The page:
The ensuing humanitarian crisis would likely send Mexico’s economy, which already shrank in the first quarter of 2019, into recession if not a full-blown crisis. If that happens, more migrants will head to the U.S., as Mexicans join Central America’s sojourners.

The US Chamber of Commerce is considering suing the Trump administration over the tariffs. The Indiana Chamber of Commerce noted that a lot of those working class Hoosiers who voted to Make America Great Again will now be “innocent victims [...] paying what amounts to tax increases.”

Fellow old white man who normally supports Trump’s radicalization of immigration policy Chuck Grassley said the tariffs are a bad idea. The markets acted predictably to the world’s largest economy seeking tariffs on its second largest trading partner over something that has nothing to do with economic policy while also in a trade war with its largest trading partner, China, by posting some of their worst losses since 2011.

“He’s gonna create a recession or die trying,” a friend texted me.

Good thing that folks as wealthy as Donald Trump are usually immune to recessions. The rest of us aren’t so lucky.

If the tariffs on Mexico go through, American citizens and companies will be forced with the choice of either paying a lot more for things or not buying them at all. It’s a pretty safe assumption most will choose the latter, something Trump and his fellow millionaire advisors don’t understand, because they’ve never really had to make decisions on things like weekly grocery bills, rent, putting gas in their cars and child and health care.

One of the concessions Trump is looking for is what O’Neill mentioned — a safe third party agreement. This means the Trump administration — and by that, we mean Stephen Miller, the 33-year old, fascist anti-immigrant advisor with no experience in economic policy who is pushing the Mexico tariffs — wants the country to designate itself a safe third party state. In other words, a place where migrants fleeing rampant gang and drug violence will be “safe” while they wait for their asylum cases to be heard in US immigration courts. Mexico cannot do this, obviously, because violence there has been rising in recent years to its highest levels in years.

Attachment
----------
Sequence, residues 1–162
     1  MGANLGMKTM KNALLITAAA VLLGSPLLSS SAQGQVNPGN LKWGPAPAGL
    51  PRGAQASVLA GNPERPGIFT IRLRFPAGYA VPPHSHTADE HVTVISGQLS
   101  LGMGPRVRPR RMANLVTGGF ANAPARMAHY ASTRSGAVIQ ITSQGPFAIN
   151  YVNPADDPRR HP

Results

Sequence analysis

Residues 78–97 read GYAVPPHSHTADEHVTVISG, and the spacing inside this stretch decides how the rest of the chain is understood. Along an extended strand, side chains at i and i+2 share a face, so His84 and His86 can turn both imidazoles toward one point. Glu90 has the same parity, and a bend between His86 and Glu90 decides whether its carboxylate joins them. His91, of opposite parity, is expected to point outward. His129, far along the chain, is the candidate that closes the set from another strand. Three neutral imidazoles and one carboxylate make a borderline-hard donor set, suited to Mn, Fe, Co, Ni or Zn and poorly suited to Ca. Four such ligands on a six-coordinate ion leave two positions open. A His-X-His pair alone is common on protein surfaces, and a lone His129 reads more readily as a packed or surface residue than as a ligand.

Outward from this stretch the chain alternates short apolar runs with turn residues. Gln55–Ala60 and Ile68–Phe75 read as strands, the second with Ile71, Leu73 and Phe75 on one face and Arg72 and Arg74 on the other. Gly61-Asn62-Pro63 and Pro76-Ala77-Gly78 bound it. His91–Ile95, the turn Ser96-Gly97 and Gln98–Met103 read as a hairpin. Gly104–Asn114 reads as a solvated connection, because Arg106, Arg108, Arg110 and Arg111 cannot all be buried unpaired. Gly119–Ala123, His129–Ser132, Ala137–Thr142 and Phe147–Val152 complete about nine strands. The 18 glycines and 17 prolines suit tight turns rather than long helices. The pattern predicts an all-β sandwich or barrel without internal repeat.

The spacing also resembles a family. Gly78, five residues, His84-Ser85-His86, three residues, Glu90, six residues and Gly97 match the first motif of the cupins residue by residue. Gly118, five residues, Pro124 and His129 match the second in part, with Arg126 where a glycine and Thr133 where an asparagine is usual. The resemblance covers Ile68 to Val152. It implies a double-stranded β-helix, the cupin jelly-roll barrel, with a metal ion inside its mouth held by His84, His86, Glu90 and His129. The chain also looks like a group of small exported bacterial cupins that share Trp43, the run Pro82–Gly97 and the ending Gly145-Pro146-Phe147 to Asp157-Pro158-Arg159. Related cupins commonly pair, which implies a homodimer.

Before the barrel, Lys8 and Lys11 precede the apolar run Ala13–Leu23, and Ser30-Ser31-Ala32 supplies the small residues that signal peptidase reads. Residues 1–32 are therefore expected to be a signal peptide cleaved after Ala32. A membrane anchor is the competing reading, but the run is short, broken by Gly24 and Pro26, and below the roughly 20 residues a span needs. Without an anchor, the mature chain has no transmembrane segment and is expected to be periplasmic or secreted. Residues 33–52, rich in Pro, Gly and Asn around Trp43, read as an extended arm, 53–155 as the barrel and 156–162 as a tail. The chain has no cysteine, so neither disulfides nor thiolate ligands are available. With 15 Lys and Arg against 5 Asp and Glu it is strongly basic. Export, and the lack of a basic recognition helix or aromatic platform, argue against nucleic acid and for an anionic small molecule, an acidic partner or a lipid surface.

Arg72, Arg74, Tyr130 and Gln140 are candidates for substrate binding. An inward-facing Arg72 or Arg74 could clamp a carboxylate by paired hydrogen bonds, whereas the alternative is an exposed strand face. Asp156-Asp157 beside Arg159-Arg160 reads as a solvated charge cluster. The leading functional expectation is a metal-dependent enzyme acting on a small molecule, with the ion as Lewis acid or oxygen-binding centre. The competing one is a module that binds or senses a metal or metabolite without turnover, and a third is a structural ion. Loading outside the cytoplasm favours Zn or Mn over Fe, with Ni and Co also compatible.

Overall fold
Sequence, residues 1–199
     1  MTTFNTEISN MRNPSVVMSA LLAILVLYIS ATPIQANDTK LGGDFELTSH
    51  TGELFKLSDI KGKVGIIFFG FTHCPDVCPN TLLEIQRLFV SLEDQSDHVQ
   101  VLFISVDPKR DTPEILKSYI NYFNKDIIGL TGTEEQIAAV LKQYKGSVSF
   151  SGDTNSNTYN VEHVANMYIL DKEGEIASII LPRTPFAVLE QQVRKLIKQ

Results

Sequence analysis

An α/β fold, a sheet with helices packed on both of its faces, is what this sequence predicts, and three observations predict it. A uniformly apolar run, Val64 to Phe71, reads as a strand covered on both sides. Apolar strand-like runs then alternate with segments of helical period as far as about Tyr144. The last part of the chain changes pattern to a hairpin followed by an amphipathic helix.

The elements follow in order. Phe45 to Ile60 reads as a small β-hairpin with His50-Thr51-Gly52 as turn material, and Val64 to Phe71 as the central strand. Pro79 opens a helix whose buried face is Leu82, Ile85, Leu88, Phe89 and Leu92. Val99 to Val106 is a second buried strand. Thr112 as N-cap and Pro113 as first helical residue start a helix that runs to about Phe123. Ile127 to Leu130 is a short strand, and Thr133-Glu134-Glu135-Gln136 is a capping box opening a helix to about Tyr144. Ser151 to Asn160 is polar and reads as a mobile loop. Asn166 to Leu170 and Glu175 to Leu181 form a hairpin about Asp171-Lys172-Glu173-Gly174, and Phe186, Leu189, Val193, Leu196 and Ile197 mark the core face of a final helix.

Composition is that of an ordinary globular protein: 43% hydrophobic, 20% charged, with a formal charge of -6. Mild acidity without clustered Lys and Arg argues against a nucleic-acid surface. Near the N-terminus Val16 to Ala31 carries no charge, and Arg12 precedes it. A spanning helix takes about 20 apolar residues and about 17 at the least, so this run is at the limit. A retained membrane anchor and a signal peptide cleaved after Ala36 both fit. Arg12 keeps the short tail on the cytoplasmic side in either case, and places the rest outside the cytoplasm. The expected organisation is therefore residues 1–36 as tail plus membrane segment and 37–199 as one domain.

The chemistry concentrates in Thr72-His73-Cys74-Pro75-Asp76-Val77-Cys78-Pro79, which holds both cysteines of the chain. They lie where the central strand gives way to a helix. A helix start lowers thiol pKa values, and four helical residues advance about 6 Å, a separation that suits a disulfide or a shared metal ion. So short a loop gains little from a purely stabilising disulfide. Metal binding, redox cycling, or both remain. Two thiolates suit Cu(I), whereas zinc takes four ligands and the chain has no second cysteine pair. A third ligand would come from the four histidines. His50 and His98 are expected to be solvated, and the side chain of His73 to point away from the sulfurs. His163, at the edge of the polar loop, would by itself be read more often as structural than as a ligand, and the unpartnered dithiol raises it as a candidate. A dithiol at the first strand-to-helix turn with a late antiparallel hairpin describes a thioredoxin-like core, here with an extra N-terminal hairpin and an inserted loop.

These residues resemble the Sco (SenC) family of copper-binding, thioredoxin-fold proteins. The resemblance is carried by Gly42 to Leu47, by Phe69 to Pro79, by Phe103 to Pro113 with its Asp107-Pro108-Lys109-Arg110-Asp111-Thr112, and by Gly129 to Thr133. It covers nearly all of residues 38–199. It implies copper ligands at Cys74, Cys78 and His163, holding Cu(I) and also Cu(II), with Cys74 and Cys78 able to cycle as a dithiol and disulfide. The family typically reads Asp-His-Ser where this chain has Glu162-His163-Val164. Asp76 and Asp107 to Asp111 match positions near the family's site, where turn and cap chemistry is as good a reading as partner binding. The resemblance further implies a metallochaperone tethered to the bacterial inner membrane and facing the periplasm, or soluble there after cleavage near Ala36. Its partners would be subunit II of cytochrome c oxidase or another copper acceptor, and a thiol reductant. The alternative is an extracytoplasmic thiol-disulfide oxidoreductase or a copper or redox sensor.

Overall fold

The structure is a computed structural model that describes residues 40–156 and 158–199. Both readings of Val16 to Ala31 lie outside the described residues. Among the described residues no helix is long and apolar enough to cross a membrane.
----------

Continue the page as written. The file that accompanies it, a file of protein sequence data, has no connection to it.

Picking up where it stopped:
Migrants are especially vulnerable targets for exploitation in such environments. Not that the Trump administration cares. If Mexico were to agree to safe third party designation that would open the doors for the US government to send even more migrants there, which it’s already been doing under Remain in Mexico.

At least three migrants seeking asylum were murdered after being returned to Juárez to await their court date, according to the Hope Border Institute, an El Paso-based non-profit. Hope has been documenting the various problems that migrants are facing under the program. They include lack of access to attorneys, advocates, and translators. A mother and her five-year-old daughter were kidnapped in Juárez after telling a judge they feared returning there. The judge sent them back anyway.

You can donate to Hope here.

El Paso has quietly remained ground zero for the historic surge in migrants in recent months. On May 30, the Homeland Security Inspector General detailed “dangerous” overcrowding at facilities at Paso Del Norte. You might remember that El Paso-based photographer Justin Hamel and I detailed the growing tent cities that migrants are being held in there back in April. They’ve grown larger since then.